see them working as executives in private enterprises, while thirteen percent (13%)
would prefer them to have an industrialist‟s career, with the careers of merchants and
small-scale manufacturer being in the last places of preference with two percent (2%)
and one percent (1%) respectively.
The participating students‟ aspirations are remarkably similar to their parents‟. When
asked what would be their first choice of working activities, thirty nine percent (39%)
of them rated “civil servant” as their first choice, twenty percent (20%) preferred to
become self-employed professionals, eighteen percent (18%) would like to become
executives for a private enterprise, eleven percent (11%) would like to become
industrialists, five percent (5%) would prefer to be employed in an organization (it
was not specified whether the organization would be public, closely connected to the
state, or not), five percent (5%) would like to work as merchants and only two percent
(2%) would prefer the career of a small-scale manufacturer.

           Entrepreneurs / Investors
                 Survey Identity
The empirical research has been carried out from January to April 2004.
The surveyed companies were randomly selected, while the sample corresponds to
the total distribution of size, legal status and operating sector.
Companies contacted were 200, while the questionnaires returned have been 153.
Questions were closed, based mostly on Likert Scales, while some questions were
set to verify the accuracy of the answers.
Questionnaires have been handed out by interviewers, trained to assist the
companies to answer. The interviewers were trained to examine the validity of the
answers.
Only 9 of the answered questionnaires have been dropped because of the
inaccuracy, while only 3 have been excluded by the interviewers, because of
apparently false information.
                                 Number of Staff
                                   10%

                            5%




                      12%




                                                             73%



                             1-5       5-10    10-15   15-

The average of the Greek economy does not differ from the sample.

               Relative Questions
The main relative question has been; do you turn to the Academia in order to
associate for innovation, or elsewhere?
The answer is obviously leading to the lack of understanding common interests.




                             Where do you search for innovation?

   Famous Companies     Univestities     TEI    Chambers of Commerce   NGO   Recommendations   They find us




                                   They find us                                   Famous
                                      19%                                        Companies
                                                                                   25%

                                                                                           Univestities
                                                                                               8%


                                                                                               TEI
                                                                                               2%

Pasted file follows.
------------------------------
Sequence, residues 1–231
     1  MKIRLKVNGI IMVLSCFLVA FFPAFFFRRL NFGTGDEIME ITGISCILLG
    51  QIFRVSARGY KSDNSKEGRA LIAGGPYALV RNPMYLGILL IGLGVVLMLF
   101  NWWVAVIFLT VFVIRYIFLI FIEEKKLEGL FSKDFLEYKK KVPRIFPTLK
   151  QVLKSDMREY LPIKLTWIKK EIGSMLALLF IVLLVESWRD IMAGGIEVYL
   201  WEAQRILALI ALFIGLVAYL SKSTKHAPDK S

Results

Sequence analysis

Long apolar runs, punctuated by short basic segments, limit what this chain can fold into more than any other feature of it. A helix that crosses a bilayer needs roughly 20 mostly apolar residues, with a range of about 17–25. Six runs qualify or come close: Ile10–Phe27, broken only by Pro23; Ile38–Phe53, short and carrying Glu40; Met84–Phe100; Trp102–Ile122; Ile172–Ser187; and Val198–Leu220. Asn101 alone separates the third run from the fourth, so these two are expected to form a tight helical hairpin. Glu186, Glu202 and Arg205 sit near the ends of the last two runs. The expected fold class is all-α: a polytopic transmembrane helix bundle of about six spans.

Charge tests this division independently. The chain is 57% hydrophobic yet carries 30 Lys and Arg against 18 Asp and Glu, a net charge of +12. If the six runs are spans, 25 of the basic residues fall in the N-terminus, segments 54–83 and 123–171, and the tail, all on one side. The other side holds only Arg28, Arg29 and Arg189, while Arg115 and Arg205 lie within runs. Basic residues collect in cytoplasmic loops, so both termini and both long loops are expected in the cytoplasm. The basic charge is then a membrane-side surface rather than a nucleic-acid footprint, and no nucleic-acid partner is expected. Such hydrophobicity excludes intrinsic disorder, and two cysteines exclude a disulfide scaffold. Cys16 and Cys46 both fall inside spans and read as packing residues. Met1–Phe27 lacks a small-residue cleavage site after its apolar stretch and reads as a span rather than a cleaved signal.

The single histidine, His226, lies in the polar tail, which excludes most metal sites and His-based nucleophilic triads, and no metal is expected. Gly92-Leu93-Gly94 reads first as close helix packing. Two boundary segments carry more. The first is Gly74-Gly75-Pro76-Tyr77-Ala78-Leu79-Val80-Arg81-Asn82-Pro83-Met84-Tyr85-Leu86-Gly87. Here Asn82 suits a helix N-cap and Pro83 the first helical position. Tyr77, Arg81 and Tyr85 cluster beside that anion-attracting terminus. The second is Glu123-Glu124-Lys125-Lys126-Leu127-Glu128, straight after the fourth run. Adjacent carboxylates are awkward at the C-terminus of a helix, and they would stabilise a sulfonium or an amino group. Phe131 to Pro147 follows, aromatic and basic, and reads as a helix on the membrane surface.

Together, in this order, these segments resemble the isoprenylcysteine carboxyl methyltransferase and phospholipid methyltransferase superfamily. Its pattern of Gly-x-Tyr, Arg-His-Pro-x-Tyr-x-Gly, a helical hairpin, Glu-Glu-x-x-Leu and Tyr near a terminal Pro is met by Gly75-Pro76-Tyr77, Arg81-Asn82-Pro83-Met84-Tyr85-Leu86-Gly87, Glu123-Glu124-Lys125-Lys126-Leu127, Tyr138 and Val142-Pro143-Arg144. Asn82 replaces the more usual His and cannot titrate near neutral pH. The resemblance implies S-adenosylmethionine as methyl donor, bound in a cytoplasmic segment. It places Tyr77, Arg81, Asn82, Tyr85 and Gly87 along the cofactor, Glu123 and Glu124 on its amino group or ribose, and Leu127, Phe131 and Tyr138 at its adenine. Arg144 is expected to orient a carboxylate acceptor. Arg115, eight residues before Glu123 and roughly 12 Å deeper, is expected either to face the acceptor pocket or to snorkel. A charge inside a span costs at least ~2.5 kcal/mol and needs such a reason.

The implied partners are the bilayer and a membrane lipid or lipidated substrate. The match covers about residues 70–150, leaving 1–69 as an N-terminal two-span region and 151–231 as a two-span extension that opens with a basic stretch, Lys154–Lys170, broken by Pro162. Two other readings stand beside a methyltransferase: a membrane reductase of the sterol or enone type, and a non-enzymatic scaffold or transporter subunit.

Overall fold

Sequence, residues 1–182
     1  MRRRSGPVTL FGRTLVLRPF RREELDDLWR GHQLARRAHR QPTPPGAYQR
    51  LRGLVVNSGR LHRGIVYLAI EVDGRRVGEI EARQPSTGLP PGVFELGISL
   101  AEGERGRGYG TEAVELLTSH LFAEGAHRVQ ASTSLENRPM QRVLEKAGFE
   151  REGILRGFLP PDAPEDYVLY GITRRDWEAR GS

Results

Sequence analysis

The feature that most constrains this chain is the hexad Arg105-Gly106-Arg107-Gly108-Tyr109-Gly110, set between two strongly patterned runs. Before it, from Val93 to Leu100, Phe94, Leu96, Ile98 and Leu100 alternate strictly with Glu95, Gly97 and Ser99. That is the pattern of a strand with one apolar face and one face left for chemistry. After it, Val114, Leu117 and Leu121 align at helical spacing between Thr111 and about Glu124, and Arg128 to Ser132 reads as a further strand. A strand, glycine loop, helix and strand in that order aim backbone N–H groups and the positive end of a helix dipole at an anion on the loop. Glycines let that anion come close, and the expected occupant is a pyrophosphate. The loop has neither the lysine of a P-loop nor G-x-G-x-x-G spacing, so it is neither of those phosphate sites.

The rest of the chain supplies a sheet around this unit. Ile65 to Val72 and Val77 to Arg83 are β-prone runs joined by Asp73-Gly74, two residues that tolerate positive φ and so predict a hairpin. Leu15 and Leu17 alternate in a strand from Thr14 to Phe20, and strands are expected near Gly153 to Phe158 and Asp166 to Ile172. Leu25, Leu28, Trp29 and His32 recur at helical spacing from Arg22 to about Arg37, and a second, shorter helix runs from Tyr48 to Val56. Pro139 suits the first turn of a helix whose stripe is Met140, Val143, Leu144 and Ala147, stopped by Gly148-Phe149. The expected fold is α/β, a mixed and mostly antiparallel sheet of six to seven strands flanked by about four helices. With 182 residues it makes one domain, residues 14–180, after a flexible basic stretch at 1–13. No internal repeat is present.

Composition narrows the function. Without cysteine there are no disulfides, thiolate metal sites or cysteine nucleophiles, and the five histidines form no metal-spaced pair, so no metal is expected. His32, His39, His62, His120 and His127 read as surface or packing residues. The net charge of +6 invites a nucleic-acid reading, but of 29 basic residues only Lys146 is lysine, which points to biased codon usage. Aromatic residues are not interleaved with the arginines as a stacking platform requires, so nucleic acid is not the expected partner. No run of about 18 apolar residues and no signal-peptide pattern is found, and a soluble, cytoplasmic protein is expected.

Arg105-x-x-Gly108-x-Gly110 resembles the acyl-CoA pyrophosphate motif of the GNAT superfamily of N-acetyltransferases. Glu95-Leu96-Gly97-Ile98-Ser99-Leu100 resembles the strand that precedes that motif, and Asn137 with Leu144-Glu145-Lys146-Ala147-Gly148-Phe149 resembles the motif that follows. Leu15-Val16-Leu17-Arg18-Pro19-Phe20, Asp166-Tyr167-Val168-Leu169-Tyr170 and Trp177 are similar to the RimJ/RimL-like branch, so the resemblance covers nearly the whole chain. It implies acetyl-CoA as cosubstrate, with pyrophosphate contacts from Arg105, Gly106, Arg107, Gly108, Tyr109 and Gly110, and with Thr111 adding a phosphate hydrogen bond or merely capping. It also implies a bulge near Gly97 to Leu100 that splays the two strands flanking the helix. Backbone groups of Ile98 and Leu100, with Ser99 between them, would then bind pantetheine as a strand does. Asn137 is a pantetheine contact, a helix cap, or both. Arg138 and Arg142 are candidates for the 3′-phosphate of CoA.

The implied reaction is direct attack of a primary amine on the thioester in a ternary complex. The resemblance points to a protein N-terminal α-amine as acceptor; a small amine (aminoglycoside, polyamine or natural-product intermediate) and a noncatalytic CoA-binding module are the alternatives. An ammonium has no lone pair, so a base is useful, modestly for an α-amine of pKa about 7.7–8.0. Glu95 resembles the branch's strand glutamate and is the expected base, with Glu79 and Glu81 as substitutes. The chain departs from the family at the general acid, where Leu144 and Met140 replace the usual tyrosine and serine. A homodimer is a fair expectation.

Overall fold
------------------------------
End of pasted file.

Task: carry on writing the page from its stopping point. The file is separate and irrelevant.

Recommendations
                       37%                                    NGO            Chambers of
                                                               2%             Commerce
                                                                                 7%




Conclusions
Bringing together Science and Knowledge with commercialization is not a question of
how much money is spent, but procedures of concentrating to the common interests
of cooperation.
The influence of the social stereotypes of both Academia and Industry, need “good
practice” in terms of profits and career, oriented to persons, instead of institutional
entities, in order to trigger creativity of the three pillars of competitiveness and
development: Investors, Researchers / Students and determined to prove it,
intermediary organizations.
Professor Pierangelo Dacrema is publishing a book about the Inutility of money
(Inutilita‟ del Dennaro). He maybe right; money does not make the world go round.
But still accessibility of commodities and services are possible because some
citizens of the world have taken the risk to loose time, effort or accumulated wealth.
It is still a question to be examined; what makes new, innovative and most likely to
succeed ideas originate? Wealth seeking or personal satisfaction?
It may be true that: Money does not make everything work, but everything is done for
money.


Indicative Bibliography
- Katalin Balazs, Academic Entrepreneurs and their Role in „Knowledge‟ Transfer,
Sussex, November 1996.
- Brent Goldfarb and Magnus Henrekson, Bottom-up vs. Top-Down Policies towards
the Commercialization of University Intellectual Property, SSE/EFI Working Paper
Series in Economics and Finance No.463 September 24, 20
- Constantinos C. Markides, All The Right Moves, Harvard Business School Press,
Boston, 2000.
- Sergio Vellante, Mezzogiorno rurale risorse endogene e sviluppo: il caso Basilicata,
Donnzelli editore, Roma, 2001.
- Brent Goldfarb and Magnus Henrekson, Bottom-up vs. Top-Down Policies towards
the Commercialization of University Intellectual Property, SSE/EFI Working Paper
Series in Economics and Finance No.463 September 24, 2001.
- Promo Cosenza, Competitivita e sviluppo, Klipper, Cosenza, 2002.
- Giuseppe Ardrizzo, Rgioni di confine, il Mulino, Bologna, 2002.